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Hamburger Menus: What They Are and How to Use Them

The hamburger menu – that iconic three-line icon that hides navigation options behind it – is one of the most hotly debated user interface elements today. Some experts love its space-saving minimalism, while others argue that it hides important navigation and decreases usability.

In this detailed guide, we'll explore the pros and cons of hamburger menus and best practices for using them effectively. You'll learn what they are, where they came from, and when to use a hamburger menu versus other navigation patterns.

Key Takeaways

  • Hamburger menus are toggle menus that hide navigation links behind a button, usually with three horizontal lines.
  • They save space on small screens but reduce discoverability of features.
  • Use them sparingly and combine with clear labels, feedback, and testing.
  • Consider alternatives like bottom nav or tabs for some contexts.
  • Follow best practices like clear icons, priority plus, and optimization.

What Are Hamburger Menus and Where Did They Come From?

A hamburger menu icon is a button or toggle that looks like three horizontal lines stacked on top of each other. It is used in and responsive web design to hide navigation options behind a compact menu that only shows when activated.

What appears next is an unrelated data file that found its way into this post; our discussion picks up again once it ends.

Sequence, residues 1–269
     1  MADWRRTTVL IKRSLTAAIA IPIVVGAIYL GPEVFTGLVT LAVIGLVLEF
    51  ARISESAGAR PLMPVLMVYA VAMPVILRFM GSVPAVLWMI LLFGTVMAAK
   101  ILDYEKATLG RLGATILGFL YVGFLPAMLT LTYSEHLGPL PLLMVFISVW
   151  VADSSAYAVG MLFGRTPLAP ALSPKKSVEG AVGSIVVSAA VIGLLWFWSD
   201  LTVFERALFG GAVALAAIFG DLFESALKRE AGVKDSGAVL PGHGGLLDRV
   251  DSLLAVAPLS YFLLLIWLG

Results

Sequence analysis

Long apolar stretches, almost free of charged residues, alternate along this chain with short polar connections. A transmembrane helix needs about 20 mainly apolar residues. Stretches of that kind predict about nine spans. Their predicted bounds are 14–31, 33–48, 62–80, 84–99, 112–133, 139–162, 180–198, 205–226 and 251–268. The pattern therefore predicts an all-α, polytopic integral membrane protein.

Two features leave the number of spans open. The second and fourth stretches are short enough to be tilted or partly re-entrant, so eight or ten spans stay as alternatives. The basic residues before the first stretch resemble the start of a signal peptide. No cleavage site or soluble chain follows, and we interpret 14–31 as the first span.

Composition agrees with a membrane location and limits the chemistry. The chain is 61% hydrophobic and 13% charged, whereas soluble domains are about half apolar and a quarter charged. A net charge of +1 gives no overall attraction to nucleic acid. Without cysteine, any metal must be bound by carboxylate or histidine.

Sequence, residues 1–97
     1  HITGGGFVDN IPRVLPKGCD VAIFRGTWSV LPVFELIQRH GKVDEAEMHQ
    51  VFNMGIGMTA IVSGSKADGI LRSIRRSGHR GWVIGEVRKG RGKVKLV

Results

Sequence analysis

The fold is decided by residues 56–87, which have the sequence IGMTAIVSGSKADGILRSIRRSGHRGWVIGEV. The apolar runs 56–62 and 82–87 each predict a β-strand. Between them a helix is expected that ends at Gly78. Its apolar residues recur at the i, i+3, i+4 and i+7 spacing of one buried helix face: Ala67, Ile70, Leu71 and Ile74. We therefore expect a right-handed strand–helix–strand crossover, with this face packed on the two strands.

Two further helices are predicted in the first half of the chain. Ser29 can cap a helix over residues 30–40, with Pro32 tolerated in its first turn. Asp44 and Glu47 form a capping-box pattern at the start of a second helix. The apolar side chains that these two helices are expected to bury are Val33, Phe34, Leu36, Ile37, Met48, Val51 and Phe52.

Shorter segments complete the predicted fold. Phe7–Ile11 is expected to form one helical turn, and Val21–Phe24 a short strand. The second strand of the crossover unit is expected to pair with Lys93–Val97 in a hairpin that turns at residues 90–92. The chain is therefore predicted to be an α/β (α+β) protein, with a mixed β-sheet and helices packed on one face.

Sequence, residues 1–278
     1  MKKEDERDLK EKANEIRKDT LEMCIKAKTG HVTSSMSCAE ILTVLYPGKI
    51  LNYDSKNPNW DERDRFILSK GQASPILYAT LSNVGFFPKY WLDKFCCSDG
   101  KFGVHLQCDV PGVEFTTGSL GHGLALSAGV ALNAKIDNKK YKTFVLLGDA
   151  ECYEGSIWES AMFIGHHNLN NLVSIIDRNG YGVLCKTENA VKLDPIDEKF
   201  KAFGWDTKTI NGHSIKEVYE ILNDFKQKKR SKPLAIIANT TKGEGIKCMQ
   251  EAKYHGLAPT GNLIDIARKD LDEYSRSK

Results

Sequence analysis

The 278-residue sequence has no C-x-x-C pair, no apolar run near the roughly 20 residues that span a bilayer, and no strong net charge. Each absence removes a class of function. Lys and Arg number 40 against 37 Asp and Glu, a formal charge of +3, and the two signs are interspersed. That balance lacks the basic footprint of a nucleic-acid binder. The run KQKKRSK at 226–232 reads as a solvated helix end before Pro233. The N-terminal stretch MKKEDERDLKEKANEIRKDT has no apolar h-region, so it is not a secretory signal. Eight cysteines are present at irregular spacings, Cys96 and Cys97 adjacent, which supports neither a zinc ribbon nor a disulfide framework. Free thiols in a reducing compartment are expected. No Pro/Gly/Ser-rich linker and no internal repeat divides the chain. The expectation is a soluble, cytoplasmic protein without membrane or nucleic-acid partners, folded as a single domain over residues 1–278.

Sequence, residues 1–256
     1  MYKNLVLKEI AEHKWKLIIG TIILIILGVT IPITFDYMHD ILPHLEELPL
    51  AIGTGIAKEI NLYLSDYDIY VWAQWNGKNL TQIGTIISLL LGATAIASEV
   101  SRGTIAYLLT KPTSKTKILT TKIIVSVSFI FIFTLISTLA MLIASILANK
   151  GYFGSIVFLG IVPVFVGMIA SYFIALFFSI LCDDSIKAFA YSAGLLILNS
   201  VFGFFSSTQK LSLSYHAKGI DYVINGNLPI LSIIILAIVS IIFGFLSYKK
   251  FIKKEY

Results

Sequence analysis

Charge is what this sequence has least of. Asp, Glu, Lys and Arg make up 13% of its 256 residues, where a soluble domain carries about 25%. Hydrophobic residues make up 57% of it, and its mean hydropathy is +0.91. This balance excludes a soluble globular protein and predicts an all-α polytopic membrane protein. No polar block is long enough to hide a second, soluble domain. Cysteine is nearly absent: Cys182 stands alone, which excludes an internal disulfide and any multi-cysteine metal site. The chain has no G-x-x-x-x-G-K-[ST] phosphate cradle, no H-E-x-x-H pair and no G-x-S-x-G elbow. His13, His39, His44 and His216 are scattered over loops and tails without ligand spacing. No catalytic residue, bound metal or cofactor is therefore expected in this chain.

The hamburger icon was popularized in the early 2000s with the rise of smartphones and responsive web design. The icon was meant to be a familiar metaphor for a menu that users could tap to see navigation options on smaller screens.

The name “hamburger” comes from the fact that the icon resembles a hamburger sandwich with three layers – the top and bottom buns and the meat patty in the middle. While there are conflicting origins of who exactly created the hamburger menu icon, most design experts attribute it to Norm Cox at Xerox PARC in the 1980s.

Since those early days, hamburger menus have become one of the most ubiquitous – and controversial – parts of mobile and responsive web design. They save space on smaller screens but also hide navigation options. Let's explore the key pros and cons designers now debate.

Pros of Hamburger Menus: Saving Space and Adding Flexibility

The hamburger icon has some clear advantages that explain its popularity and longevity:

They Save Space on Small Screens

The main benefit of hamburger menus is that they conserve space. On smaller smartphone screens and responsive sites, the menu toggles into view only when needed. This reduces clutter and allows more space for other .

They Allow Room for More Navigation Options

With space at a premium on mobile, hamburger menus provide flexibility. They allow designers to include more navigation items than would fit in a static horizontal nav bar. The expanded menu can also group related links.

Familiar and Intuitive Icon for Most Users

After years of usage across millions of sites and apps, most users understand that the hamburger icon represents a hidden menu. It serves as a compact yet visually intuitive toggle button to access more options.

Cons of Hamburger Menus: Discoverability and User Frustration